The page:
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Are bilateral relations between the United States and Germany going down the toilet in the Donald Trump era?

After President Trump’s quick stop to Brussels—a trip that was just as notable for its aggressive handshakes and awkward group photos as it was about resolving global problems—it’s easy to arrive at that assessment. Trump was already a highly unpopular, if not disdained, figure in Germany before he took the podium last week and publicly humiliated America’s European allies for being cheap, soft-belly swindlers on their militaries (last year, a poll found that 71 percent of Germans surveyed thought a Trump presidency would make the world a more dangerous place). An astounding 87 percent think that Trump isn’t good for Germany, and it’s hard to see how Trump’s public dressing down about weak European defense budgets and his Germany-bashing behind closed doors (“([t]he Germans are bad, very bad”) will change that narrative for the better. Trump’s early morning Twitter tirades on Germany, including a tweet today denouncing the state of relations between Washington and Berlin (he used the phrase “very bad” again) won’t help matters either.


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President Trump, however, isn’t the only one to blame for the ongoing spat. German officials from the center-left and the center-right are going full-throttle against the American president; Sigmar Gabriel, the German foreign minister, all but accused Trump of “putting peace in Europe at risk” by not placing climate change at the top of his agenda. Martin Schultz, a former president of the European Parliament and the chairman of the Social Democratic Party, is launching a rhetorical blitzkrieg against the 45th president, a man that Schultz and his center-left allies clearly believe is an arrogant buffoon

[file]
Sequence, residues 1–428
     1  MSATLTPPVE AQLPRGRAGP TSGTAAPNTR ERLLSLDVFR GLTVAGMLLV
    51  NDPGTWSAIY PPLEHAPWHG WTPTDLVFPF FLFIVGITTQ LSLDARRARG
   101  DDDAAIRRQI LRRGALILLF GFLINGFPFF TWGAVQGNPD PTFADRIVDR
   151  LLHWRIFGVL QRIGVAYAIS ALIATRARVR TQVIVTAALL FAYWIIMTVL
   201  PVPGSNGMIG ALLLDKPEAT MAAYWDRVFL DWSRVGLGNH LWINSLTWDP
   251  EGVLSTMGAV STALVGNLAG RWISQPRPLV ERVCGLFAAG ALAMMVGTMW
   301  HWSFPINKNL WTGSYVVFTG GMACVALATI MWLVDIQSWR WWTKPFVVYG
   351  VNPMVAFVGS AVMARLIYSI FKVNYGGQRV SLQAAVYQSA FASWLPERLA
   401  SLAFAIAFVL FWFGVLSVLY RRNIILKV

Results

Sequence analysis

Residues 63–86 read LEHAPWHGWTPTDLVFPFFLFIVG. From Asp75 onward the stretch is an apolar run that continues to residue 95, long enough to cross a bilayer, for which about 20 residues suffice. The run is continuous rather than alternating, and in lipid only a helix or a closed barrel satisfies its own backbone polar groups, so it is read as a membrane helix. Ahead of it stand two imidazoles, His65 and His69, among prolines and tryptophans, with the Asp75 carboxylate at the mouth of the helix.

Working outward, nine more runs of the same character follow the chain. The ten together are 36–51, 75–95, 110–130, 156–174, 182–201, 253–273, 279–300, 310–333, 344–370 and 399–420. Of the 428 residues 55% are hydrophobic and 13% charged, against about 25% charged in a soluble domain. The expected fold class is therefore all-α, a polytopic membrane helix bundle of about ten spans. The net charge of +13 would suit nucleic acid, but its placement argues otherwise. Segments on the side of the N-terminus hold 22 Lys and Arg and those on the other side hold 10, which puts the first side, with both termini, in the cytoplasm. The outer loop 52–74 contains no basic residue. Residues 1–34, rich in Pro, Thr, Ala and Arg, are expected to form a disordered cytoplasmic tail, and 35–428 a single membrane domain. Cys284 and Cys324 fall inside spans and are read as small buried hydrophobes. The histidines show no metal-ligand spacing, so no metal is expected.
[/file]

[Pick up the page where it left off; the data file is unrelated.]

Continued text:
So, here’s the question again: is the U.S.- German alliance of 70-plus years breaking down?

Not exactly.

The war of words between the Trump administration and the German government is clearly unfortunate. Much of this turbulence is due to the very different personalities that are involved. Trump is an uncensored, unpredictable and loud showman who plays to the cameras, seeks publicity for himself on an hourly basis, and doesn’t buy into the conventional wisdom of the European Union or NATO as it currently exists being an indispensable factor to the global order. Chancellor Angela Merkel is the polar opposite; she’s deliberate, pragmatic, supportive of multilateral institutions, and sees herself as one of the few leaders in Western Europe who has the power and gravitas to promote the liberal international order that defines European foreign policy in general. Put the two in a room and is it any wonder that differences of opinions arise?

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Washington and Berlin, however, are still very close partners. The relationship between their intelligence and security services is quite good. Germany is an important member of the counter-ISIS coalition, sending trainers and advisers to beef up the Kurdish Peshmerga. Berlin has troops in Afghanistan, leading training operations in the north. And the Germans have been the glue holding the EU sanctions regime against Moscow together. All of this is unlikely to change, barring some stupid statement coming out of Trump’s mouth.

What we have here is not a potential crisis in U.S.-German relations, but a clash of personalities. It’s the responsibility of both to ensure that those clashes don’t rise to crisis level.

Daniel DePetris About the author:
Daniel R. DePetris is an associate analyst at the Raddington Group, and a contributor to the National Interest.
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